Guest Author - Jason Hodge
I love peanuts or groundnuts as they are referred to. They're tasty by themselves, but when added to a savory dish, groundnuts take on a whole new dimension. When you boil them they soften and impart their delicate flavors throughout your dish as well as picking up flavors. They're not overly peanutty and add textural dimension and excitement. I work with them many different ways and in various forms, from raw, in-shell, to shelled roasted, salted and everything in between.
Try this on for size. I think it'll be an easy concept to grasp and open up your thinking on using peanuts / groundnuts in your cooking. Think of using them just like you would any other bean. You should be surprised at how versatile they are. Simmer your groundnuts in a sauce: cream, tomato, curry based or some other interesting one of your choosing. Let them soften, just like you would any other bean and continue to build out your dish from there.
Here's a quick ground nut / peanut nutritional analysis according to "the world's healthiest foods", by George Mateljan, per 1/4 cup:
Groundnuts / peanuts have 206.96 calories, 161.75 are from fat, of which 22.45 is saturated. They have 9.42g protein, 5.89g carbohydrates, 3.10g dietary fibre [12.40% of your daily value], 1.13g total sugar, all of your B vitamins except for B12, vitamin E, folate, pantothenic acid, all of your amino acids along with minerals like: calcium, chloride, copper, iodine, iron, magnesium, manganese, molybdenum, phosphorus, potassium, selenium, sodium and zinc.
With all of those good things along with the fact that they are a great brain food, helping to boost cognitive functioning and maintaining a youthful mind, it's a great addition to your health regimen and recipes, exotic and conventional.
Working With Groundnuts
When I work with ground nuts I like to add them early and cook them slowly on a relatively low heat to allow the flavors to develop properly and infuse the rest of the dish. Personally I don't believe in locking myself into a standard recipe for anything I cook, let alone ground nut stew, but for this article I will throw one out there to give you a jumping off point. Just promise me that you will vary your recipes to really get a feel of how versatile ground nuts can be. [By the way... if you don't happen to have the whole raw ground nuts go to your local store and get yourself some natural peanut butter - I'm partial to chunky peanut butter to give me more texture while eating. Make sure it's not that junk that has other additives like sugar, stabilizers, hydrogenated oils, etc. You just want straight peanuts, peanut oil [optional], salt [optional].]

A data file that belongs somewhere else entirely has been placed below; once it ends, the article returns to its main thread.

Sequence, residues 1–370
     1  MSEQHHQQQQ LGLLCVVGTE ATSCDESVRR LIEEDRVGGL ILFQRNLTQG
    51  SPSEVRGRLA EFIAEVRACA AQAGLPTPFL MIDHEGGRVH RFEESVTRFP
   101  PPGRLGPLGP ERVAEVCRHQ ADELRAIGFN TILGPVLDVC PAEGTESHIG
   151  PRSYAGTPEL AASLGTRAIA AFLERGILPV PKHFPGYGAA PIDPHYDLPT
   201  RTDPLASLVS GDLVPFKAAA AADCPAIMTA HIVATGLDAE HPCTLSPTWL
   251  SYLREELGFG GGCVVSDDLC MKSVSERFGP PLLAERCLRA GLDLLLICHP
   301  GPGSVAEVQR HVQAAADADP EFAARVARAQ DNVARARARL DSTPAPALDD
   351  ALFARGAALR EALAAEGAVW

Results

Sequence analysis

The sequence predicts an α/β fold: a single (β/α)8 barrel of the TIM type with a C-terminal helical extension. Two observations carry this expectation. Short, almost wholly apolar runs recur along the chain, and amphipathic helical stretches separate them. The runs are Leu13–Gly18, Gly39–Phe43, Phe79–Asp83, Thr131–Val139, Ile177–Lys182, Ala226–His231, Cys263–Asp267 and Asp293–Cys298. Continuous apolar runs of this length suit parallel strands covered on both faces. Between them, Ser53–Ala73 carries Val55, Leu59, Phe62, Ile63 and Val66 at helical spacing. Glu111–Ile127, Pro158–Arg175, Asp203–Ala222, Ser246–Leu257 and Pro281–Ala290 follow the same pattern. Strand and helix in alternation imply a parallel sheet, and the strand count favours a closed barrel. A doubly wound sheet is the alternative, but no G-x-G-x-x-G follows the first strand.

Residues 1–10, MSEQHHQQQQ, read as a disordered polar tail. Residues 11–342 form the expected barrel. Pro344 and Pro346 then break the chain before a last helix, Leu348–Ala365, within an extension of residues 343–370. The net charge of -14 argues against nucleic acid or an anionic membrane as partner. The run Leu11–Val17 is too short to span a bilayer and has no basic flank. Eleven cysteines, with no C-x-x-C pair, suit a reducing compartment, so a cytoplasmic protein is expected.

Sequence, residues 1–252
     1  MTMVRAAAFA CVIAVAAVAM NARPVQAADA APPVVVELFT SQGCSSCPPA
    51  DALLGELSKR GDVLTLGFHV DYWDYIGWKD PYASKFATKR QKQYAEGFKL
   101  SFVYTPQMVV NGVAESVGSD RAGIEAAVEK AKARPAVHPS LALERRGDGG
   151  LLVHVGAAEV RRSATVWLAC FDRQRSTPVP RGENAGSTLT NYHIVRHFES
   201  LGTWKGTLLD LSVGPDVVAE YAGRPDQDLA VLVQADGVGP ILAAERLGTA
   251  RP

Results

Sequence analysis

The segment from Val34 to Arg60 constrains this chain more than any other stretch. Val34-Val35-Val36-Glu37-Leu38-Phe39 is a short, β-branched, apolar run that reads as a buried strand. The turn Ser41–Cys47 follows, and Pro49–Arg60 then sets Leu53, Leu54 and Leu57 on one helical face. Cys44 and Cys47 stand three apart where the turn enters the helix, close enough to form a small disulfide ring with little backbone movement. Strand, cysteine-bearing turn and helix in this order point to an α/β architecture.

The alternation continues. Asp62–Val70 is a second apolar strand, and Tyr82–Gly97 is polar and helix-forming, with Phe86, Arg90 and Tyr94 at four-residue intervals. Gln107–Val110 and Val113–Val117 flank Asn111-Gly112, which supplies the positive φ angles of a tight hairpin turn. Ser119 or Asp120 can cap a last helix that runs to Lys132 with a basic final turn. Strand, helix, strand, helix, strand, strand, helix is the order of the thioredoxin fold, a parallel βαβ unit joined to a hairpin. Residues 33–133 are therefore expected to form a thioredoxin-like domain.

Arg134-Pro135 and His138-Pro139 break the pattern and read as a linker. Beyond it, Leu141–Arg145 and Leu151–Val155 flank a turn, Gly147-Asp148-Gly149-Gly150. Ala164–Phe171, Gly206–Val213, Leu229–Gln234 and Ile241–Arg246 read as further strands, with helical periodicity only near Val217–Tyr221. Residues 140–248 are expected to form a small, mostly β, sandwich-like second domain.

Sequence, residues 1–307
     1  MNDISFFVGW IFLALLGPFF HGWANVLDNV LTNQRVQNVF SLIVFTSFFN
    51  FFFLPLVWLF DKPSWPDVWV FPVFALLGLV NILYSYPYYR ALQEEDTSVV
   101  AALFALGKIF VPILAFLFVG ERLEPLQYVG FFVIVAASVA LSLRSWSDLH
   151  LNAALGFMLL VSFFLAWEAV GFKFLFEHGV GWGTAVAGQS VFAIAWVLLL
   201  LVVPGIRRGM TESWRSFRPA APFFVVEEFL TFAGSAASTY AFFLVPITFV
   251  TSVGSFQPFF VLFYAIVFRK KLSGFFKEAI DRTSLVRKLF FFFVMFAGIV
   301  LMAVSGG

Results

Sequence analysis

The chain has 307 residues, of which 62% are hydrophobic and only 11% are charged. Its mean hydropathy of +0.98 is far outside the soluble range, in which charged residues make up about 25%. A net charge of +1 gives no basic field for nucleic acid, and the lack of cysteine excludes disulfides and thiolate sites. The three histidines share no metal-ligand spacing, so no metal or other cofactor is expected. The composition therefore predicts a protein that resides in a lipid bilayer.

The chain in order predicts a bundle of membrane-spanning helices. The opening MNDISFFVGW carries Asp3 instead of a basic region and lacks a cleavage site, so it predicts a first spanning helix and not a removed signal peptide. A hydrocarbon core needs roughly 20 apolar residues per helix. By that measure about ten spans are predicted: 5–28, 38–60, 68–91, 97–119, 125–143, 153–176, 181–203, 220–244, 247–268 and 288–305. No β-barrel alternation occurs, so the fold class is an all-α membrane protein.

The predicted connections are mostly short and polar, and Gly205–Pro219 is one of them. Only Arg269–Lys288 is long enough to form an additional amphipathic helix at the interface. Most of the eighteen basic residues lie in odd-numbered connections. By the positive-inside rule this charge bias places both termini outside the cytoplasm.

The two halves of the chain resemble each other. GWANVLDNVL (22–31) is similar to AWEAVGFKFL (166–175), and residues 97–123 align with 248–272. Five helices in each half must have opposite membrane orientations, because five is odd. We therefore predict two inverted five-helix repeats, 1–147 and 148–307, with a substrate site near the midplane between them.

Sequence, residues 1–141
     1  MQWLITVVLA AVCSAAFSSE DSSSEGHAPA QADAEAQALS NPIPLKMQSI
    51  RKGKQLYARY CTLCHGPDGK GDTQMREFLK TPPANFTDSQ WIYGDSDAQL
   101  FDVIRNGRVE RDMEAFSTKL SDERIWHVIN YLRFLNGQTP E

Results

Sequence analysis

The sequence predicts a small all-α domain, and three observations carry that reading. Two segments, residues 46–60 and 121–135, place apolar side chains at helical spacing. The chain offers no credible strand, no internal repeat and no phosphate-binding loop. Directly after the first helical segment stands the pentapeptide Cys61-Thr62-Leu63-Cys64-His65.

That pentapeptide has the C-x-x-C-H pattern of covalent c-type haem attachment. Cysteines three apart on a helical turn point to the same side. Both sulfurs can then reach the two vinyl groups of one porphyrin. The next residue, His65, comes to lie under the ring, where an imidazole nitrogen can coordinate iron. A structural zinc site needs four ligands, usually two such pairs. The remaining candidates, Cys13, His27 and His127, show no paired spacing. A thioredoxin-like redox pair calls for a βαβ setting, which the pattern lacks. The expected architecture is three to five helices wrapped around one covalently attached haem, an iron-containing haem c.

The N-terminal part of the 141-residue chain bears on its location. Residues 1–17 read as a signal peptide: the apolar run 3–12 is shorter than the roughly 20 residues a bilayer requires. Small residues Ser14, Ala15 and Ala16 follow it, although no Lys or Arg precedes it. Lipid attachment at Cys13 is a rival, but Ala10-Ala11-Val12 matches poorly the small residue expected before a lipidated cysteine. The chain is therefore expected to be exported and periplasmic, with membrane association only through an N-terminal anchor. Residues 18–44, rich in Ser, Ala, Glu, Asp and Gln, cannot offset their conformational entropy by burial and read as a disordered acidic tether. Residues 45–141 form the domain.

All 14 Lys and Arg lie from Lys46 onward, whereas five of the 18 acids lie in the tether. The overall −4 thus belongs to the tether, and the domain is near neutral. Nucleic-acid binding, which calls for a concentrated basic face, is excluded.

Basic Groundnut Stew Recipe
1 stove top or portable range
1 large stock pot w/ lid
1 cutting board
1 chef's knife
1 wooden stirring spoon
1 immersion blender or counter top blender
1 serving spoon / ladle
1/4 cup red palm oil
1 large brown onion
2 cups groundnuts / peanuts [raw or roasted if your don't have raw]
1 tsp cumin seeds [lightly toasted]
1 tbsp red curry paste [Thai]
1 tbsp tomato paste
1 1/2 cups sweet ripe tomatoes [grape, cherry, etc.]
24 cloves garlic [coarsely mashed]
1 bouquet garni [a bundle of herbs tied together with twine] of thyme, sage, rosemary, bay leaf, mint, and lemongrass [1/3 cup in all]
sea salt [to taste]
1 bunch cilantro [2 cups]
1 bunch kale [type: dinosaur; quantity: 2 cups]
1/4 cup peppers [I prefer the Scotch Bonnet or Habanero or you can use the Thai or jalapeno]
[depending on how much heat you like. I'm a big fan of spicy heat.]
1 cup okra [fresh and cut if you can get it / frozen if you can't]
14 oz coconut milk
64 oz water or broth [you can make your own from scratch or use the vegetarian bouillon cubes]
3 cups yucca root [peeled, cut and parboiled]
Step 1. Sautee your onions, groundnuts and cumin in the palm oil until onions are translucent and peanuts give off their nutty aroma and turn golden brown.
Step 2. Add pastes [curry and tomato], continue to sautee. Let pastes sizzle in oil, but don't let them burn [you're just bringing out their color and intensifying their flavors], then add your bouquet garni, garlic and tomatoes, stir and let cook until tomatoes begin to burst, then press out their juices, add okra and simmer for 4 - 5 minutes and remove your bouquet garni.
Step 3. Add your coconut milk and with your immersion blender, blend down ingredients to a coarse smoothness and add the remainder of your ingredients and cook down to your desired consistency. Make all your necessary flavor adjustments as you get towards the end of your cooking.
You're done! This can be eaten along with chapati, tortillas, rice, barley, quinoa, buckwheat, or any other starchy staple, or if you're not into that... eat it by itself.
As always, it's been my pleasure sharing with you these tasty recipes. Until next time...